For those who do not own the newer systems (and by
"newer," some fellow players mean 16-bit and up), there is still a charm to the
original home games that will always keep us coming back. You don't have to have a
PlayStation to play Defender. The Atari 2600 handles it just fine. There
are some interesting glitches in the game that actually add to the game's appeal.
For example, when you shoot, your ship momentarily disappears. Yes, it was too complicated
to have the ship and the laser fire on the same horizontal plane at the same time. This
creates a sort of protection, provided you can fire fast enough to keep yourself invisible
long enough for the baddies to zip through you. The game designer even left a little
easter egg behind. You can find his initials on the game screen if you score a specific
number of points. Now that's what I call... finding initials on the game screen if
you score a specific number of points!
There are still a few classics that have never been duplicated, and I hope someday to see them. The Vectrex was a vector-based "portable" (well, a whopping big ol' heavy, bulky portable anyway) well-suited to games like Asteroids and Tempest. Although neither of these games were ever available, a terrific little sleeper called Star Castle was. Star Castle pits you in an Asteroids-style ship and playfield against a central cannon surrounded by rotating walls. Break down enough of these spinning wall segments and you can find a hole into the cannon itself. You have to be fast, because the cannon's fire is faster than yours and can also fire through the hole you made. All the while, you're being pursued by little sparks, forcing you to stay on the move. The game's never been done on another home console.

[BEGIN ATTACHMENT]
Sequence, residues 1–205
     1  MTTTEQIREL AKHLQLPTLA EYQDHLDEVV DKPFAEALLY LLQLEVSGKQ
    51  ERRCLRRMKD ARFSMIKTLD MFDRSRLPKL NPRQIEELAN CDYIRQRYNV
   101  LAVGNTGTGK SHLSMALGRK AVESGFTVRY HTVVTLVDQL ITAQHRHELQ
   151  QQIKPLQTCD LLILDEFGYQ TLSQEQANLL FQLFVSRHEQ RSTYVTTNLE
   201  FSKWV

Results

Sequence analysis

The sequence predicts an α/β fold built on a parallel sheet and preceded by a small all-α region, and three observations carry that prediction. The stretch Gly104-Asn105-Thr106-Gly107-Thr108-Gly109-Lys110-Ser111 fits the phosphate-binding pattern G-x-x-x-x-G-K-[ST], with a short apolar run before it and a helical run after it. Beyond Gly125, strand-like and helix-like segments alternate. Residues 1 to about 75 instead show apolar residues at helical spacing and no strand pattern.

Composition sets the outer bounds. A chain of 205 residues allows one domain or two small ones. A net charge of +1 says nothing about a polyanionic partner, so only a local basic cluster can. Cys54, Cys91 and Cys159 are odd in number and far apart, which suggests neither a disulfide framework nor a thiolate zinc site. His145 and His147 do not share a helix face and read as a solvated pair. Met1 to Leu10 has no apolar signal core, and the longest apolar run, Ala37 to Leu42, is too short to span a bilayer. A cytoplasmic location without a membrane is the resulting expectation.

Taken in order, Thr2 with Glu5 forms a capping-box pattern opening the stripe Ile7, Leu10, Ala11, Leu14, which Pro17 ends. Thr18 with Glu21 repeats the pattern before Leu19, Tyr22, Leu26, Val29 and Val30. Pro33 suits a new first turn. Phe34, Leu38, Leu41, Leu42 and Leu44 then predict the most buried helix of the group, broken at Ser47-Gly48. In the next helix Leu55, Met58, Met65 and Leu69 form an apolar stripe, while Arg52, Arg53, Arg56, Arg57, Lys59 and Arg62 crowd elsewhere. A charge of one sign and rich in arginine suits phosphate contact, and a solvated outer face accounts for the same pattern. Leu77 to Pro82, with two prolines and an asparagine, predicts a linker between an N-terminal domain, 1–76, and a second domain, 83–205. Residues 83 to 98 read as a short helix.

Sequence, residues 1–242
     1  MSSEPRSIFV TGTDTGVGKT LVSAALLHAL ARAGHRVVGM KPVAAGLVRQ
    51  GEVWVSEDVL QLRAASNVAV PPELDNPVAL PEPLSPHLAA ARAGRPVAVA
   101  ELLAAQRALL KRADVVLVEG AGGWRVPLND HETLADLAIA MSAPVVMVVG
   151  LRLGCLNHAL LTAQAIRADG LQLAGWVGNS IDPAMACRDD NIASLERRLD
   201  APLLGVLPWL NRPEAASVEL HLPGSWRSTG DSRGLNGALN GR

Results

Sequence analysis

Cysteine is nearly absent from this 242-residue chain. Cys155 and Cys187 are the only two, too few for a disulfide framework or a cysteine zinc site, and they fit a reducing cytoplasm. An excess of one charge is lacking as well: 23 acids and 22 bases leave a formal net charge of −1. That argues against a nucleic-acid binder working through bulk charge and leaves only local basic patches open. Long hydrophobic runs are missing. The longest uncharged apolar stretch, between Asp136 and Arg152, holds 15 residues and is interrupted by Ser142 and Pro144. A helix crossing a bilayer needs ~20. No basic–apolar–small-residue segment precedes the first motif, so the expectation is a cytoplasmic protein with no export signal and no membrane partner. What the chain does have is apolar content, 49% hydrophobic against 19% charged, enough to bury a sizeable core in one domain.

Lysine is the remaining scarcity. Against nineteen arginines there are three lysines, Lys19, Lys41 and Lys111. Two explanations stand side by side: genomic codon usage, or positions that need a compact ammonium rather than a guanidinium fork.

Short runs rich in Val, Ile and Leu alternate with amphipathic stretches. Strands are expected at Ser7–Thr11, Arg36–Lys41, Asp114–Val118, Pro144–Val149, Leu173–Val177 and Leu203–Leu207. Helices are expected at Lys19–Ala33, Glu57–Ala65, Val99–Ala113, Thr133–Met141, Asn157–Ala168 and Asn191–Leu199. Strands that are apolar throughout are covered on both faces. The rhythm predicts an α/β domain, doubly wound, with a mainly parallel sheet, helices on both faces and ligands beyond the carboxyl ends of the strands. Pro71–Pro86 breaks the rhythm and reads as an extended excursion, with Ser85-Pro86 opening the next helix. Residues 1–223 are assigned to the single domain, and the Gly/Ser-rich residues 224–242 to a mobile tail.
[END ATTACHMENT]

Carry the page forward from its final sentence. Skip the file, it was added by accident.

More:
I'd also flip if, someday, someone would put together a decent horse racing game like Mattel's improbably-named Horse Racing for the Intellivision. I don't mean a Japanese horse race stable-owner "sim," like Koei's Winning Post for the Saturn. I want a game where I can race head-to-head against another player, whip my horse into oblivion, and throw races when the stakes are high. That was the thrill of the Intellivision game, which - believe it or not - is one of the most competitive games I've ever played. Grab a friend, an Intellivision and a few free hours and you'll see what I mean.
Yes, there's a serious resurgence of classic titles either being redone or updated. Have you played Defender 2000, Tempest 2000, or Pitfall: The Mayan Adventure yet? Try 'em out! There's still no greater thrill than playing the games that started it all. For the price of admission for two to a movie theater, a couple of large buttery popcorns and soda pops, you can also own an Atari 2600 or Intellivision, a handful of great games, and a whole lot of history. It sure beats Tom Cruise's "Mission: Impossible" any day.
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Last updated Tuesday, February 13, 2007 06:01 PM